Abilio Dias Fernandes is mayor of Evora, Portugal, and vice-president of the Organization of World Heritage Cities (OWHC). Dr. Dias Fernandes, who was born in Mozambique when it was a Portuguese colony, earned a degree in finance from the Lisbon Higher Institute of Economics and Finance. He became mayor of Evora in 1977. Nine years later, Evora was designated a World Heritage City by UNESCO.
During his tenure as mayor, Dr. Dias Fernandes has worked to encourage civic involvement and bring economic development to Evora in a way that preserves the city's cultural heritage. Because of its achievements in urban socioeconomic development, the Municipal Council of Evora has been commissioned by the European Union to head a team of cities that will set guidelines for the strategic planning and development of medium-size cities in the region.
Dr. Dias Fernandes spoke with Mario Bravo, a communications consultant who is working with the GCI as it assists in organizing the 4th International Symposium of the Organization of World Heritage Cities, to be held in Evora in September.
Mario Bravo: Could you give some historical and cultural background on the city of Evora and the Portuguese region of Alentejo?
Abilio Dias Fernandes: The cultural wealth of Evora transcends the quantity and quality of the monuments that one first sees. On the plains surrounding the city are Paleolithic remains mixed with megalithic monuments that date back to 4,000 to 6,000 B.C.E. The four kilometers of city walls enclose such remains as the impressive forum and the hot baths, evidence of the importance of this city to the Romans. Added to the archaeological wealth is the influence of Latin on the Portuguese language.
Between the 8th and 13th centuries, the Arabs dominated an important part of the coast and the southern area of the country, leaving their imprint on monuments, traditions, and popular customs, including language and cuisine. The same had happened with the Visigoths between the end of the Roman Empire and the beginning of the Arab era.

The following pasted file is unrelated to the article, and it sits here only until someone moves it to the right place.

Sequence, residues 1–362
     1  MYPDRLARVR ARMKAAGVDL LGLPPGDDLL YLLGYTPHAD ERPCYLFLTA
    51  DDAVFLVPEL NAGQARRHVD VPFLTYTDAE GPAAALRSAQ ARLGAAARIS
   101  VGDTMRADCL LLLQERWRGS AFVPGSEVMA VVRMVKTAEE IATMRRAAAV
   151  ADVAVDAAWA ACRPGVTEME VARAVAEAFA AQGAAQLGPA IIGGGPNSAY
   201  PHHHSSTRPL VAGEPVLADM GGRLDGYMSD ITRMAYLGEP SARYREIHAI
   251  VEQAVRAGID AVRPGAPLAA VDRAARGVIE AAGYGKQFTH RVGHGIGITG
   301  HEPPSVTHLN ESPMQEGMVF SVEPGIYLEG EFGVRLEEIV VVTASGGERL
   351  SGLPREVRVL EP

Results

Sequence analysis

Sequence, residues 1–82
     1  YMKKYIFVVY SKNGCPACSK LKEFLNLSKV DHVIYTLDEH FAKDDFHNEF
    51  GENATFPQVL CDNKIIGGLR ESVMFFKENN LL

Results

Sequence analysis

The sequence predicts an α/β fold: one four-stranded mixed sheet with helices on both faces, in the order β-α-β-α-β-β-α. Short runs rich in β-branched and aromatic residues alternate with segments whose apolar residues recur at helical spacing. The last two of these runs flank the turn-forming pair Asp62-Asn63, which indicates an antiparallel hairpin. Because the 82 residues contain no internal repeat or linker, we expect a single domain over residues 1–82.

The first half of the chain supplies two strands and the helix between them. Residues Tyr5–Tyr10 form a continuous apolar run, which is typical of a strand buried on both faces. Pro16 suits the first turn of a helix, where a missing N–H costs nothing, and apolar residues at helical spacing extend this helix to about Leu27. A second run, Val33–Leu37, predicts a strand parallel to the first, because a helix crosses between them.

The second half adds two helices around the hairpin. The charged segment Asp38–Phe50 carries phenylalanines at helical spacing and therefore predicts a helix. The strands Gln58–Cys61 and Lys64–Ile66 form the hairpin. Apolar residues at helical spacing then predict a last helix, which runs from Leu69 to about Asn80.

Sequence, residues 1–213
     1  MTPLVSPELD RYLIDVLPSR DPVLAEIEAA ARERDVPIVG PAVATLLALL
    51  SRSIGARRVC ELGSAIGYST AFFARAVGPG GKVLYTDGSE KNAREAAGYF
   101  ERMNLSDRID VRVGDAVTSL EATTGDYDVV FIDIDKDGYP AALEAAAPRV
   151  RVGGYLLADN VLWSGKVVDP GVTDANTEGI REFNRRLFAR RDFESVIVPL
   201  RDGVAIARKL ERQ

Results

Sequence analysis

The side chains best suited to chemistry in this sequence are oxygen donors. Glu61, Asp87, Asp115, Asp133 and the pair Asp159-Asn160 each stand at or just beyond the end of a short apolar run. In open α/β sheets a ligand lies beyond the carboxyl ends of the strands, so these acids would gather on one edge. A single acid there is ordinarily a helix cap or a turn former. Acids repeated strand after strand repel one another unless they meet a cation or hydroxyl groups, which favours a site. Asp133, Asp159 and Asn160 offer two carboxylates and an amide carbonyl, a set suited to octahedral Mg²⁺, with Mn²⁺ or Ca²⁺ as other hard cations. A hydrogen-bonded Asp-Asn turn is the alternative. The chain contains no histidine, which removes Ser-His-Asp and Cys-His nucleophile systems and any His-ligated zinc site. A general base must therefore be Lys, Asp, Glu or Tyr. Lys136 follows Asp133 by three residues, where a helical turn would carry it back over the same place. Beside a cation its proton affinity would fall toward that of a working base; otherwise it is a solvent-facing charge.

As time went by, the Portuguese royalty moved the seat of their power to the city of Evora, bringing with them courtiers, artists, philosophers, humanists, and poets, who fashioned the golden era of Portuguese culture. It was during the 16th century that great buildings, universities, and convents were built, which time, wars, and earthquakes have been unable to destroy. As the centuries passed and other cities changed due to industrial development, Evora maintained its architectural splendor and agricultural character. It was able to do so because members of the ruling class, who owned large pieces of land, prevented industrial development and the rapid-fire changes ushered in by the 20th century from dulling the artistic creativity of the city.
In the last few decades the region has suffered severe economic problems. Did the poverty of the population affect the development of the region's cultural heritage?
Before the revolution of April 25, 1974, we were immersed in fascism, dictatorship, and a lack of freedom. For half a century, cultural development had been available only to the elite and to landowners. The people did not have these privileges. Once a democratic way of life was established, the city's culture was slowly restored. The songs of the people who till the soil could once again be heard in the fields and streets. Other signs of artistic expression also began to flourish.
Did the recovery of cultural vitality and of the awareness of cultural heritage take place naturally or as a result of a political process?
The reappearance of cultural vitality was not orchestrated, but it was stimulated. The mayor's office supported spontaneous popular initiatives. If a group of people showed interest in reviving the music that had been played in churches and cathedrals during the 16th century, these people were given instruments, venues, techniques, and training to assist them in salvaging this forgotten form of cultural expression.
The public's interest in preserving and caring for their culture is immediately apparent. However, this consciousness could not be the result of an isolated initiative. There is evidently some strategy and planning behind it.